The kingfisher - profile


Surname: Kingfisher
Latin name: Alcedo atthis
class: Birds
size: 13 - 16cm
mass: 30 - 40g
Older: 7 - 10 years
Appearance: bluish plumage
Sexual dimorphism: Yes
Nutrition type: predominantly fish-eater (piscivor)
food: Amphibians, fish, insects, mollusks
distribution: Asia, Europe, North Africa
Sleep-wake rhythm: diurnal
habitat: standing and slowly flowing waters
natural enemies: Birds of prey
sexual maturity: ?
mating season: March
breeding season: 18 - 21 days
clutch size: 3 - 7 eggs
social behavior: Loners
Threatened with extinction: Yes
Further profiles of animals can be found in the Encyclopaedia.

Interesting facts about the kingfisher

  • The kingfisher belongs to the group of the actual kingfishers, which comprises a total of about ninety species worldwide. Common to all kingfishers is the bright and colorful plumage that shines in different colors depending on the light.
  • The kingfisher, which is native to Central and Northern Europe, Asia and North Africa, appears stout and has a long beak and a relatively short tail.
  • Depending on its range, the kingfisher is a migratory or standing bird. For example, Scandinavian-style specimens migrate to their North African winter quarters in the cold season.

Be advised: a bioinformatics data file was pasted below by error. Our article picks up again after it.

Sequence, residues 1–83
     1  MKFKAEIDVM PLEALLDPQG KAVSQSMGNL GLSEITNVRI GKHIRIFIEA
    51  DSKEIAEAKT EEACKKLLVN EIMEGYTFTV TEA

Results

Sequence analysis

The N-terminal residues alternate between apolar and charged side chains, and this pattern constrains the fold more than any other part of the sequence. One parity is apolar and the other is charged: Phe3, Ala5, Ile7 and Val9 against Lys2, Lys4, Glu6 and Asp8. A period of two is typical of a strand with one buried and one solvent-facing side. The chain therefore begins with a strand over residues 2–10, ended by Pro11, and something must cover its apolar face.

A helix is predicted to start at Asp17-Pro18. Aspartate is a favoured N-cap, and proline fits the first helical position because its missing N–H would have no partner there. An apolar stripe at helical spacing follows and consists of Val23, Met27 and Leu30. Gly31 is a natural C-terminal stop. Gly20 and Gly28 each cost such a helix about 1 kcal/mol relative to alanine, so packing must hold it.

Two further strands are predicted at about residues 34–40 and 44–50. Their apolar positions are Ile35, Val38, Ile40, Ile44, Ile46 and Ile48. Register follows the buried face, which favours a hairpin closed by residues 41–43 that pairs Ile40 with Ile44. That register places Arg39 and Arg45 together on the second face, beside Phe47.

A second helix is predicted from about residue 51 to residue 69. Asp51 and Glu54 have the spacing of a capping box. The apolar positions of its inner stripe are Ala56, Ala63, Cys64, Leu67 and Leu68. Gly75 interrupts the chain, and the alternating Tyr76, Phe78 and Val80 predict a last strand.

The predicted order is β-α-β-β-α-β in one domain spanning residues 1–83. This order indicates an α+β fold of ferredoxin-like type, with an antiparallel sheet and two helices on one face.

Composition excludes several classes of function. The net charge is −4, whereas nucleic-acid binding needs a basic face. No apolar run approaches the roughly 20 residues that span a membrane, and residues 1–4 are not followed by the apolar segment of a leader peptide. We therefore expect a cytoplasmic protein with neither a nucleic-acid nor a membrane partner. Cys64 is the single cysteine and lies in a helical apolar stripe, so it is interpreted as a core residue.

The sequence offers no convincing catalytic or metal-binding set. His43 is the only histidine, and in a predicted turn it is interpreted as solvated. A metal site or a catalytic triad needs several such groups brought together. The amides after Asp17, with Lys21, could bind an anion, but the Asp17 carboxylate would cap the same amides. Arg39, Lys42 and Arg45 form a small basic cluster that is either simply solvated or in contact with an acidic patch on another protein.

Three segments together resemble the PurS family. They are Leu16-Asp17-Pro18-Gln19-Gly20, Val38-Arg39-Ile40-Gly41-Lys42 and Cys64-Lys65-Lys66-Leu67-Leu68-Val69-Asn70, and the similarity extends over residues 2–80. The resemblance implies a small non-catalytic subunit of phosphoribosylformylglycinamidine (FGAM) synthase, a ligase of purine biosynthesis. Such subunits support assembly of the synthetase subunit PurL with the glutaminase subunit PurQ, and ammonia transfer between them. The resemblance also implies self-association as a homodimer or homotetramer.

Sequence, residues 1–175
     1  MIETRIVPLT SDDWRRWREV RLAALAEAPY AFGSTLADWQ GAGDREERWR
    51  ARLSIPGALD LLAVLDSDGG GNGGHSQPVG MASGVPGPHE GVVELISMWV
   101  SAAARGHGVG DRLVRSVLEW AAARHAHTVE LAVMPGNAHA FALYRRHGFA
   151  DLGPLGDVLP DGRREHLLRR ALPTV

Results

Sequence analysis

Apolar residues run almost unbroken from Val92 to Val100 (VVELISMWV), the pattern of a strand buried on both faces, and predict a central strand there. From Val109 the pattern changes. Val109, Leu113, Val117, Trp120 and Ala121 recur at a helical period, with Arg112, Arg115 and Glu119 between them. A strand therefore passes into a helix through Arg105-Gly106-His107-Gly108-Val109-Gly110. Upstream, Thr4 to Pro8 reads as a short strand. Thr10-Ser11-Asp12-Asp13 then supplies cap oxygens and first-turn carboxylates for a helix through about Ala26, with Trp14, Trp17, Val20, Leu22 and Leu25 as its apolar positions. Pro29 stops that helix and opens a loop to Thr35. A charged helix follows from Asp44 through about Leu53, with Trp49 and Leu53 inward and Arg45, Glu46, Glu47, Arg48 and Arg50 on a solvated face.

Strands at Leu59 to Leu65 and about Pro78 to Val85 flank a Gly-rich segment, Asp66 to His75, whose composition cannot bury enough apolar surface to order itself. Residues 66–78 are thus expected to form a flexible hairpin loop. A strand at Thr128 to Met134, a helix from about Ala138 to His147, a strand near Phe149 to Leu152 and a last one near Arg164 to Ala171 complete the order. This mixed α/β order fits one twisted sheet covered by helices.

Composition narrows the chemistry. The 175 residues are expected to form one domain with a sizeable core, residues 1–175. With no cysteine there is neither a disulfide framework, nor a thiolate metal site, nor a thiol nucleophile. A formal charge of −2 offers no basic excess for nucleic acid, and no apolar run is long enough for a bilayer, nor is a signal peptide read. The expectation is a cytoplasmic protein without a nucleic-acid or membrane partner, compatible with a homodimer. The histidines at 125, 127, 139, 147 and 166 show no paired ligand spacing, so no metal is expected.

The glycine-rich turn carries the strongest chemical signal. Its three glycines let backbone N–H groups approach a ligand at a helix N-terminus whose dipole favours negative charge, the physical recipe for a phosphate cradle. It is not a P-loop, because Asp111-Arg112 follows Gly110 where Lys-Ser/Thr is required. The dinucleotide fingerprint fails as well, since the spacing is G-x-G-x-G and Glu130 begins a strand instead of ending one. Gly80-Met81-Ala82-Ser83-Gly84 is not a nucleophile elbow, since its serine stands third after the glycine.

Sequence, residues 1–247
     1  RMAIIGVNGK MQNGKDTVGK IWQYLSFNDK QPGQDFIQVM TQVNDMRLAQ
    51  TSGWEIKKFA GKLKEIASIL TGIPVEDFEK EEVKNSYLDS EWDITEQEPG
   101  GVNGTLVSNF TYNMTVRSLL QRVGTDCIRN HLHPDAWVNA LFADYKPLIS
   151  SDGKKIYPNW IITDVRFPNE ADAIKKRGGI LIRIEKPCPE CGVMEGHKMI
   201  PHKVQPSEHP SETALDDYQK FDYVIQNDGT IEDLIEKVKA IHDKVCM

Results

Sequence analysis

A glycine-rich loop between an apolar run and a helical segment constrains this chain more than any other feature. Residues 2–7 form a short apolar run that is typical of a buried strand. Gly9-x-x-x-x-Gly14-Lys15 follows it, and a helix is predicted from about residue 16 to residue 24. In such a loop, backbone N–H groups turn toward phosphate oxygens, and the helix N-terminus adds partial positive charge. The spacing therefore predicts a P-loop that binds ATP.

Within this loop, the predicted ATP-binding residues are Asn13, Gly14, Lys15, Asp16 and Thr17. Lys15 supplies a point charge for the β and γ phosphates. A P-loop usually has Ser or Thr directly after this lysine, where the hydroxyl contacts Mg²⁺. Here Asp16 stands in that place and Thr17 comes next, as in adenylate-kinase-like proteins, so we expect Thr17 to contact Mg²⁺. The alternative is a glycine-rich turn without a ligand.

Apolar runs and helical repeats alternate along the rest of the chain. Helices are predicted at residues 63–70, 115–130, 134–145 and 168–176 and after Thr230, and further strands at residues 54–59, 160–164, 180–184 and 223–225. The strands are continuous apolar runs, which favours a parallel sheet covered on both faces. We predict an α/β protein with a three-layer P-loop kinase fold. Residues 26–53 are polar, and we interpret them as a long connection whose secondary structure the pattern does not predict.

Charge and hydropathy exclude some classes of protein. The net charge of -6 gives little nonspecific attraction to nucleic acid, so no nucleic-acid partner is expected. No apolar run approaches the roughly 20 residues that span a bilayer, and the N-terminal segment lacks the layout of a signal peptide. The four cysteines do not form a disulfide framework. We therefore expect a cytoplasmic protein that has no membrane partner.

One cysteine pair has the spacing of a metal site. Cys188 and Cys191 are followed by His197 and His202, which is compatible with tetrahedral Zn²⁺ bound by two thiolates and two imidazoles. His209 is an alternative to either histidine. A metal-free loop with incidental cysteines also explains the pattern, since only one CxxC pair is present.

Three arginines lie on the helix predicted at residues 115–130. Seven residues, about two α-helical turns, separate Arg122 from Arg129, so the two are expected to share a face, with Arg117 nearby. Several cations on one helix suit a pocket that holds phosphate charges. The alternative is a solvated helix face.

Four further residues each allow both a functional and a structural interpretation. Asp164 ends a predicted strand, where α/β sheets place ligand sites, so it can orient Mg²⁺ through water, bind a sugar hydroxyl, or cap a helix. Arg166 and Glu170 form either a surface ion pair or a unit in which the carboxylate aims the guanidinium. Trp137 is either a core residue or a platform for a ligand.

• The kingfisher lives exclusively in close proximity to clear, stagnant or only slowly flowing waters with a high stock of small fish, which serve him as the main food source. Thus, the kingfisher is found on both clean and natural rivers and streams, as well as on man-made canals and ponds and lakes.
  • In addition to fish, the kingfisher also feeds on aquatic insects, small crabs, larvae, frogs and snails. He captures these by the characteristic plunge diving, in which he rushes headlong and in a slightly inclined path into the water within a few seconds and then grabs her directly under the water surface.
  • Kingfishers can spy their prey over long distances and use the water surface like a magnifying glass. This allows them to easily gauge the distance their victim moves in the water and their perfect fit predatory dive.
  • To eat his prey fish, which are sometimes ten centimeters long, the kingfisher settles on a branch and shakes it until it stops moving.
  • Kingfishers are only about sixteen inches long and reach a maximum body weight of forty grams. However, the wing span can be up to 25 centimeters in adult specimens.
  • Particularly striking in the case of kingfishers are the greenish or turquoise-blue, iridescent back and head with azure blue spots, as well as the bright orange belly and facial spots.
  • Kingfishers are strictly monogamous and spend much of their lives in tight mating, with males often breeding with two females at the same time.
  • The female lays the eggs in a self-dug nesting nest in loamy, poorly rooted ground. The cave is usually located on the shore in close proximity to the water and can be up to two meters long, with some species has been reported by more than eight meters deep nesting sites.
  • Depending on the species, the juveniles are able to reach the surface from the breeding cavity after just a few days or a few weeks and to search for food independently.
  • Kingfishers have an average life expectancy of up to ten years, depending on the species.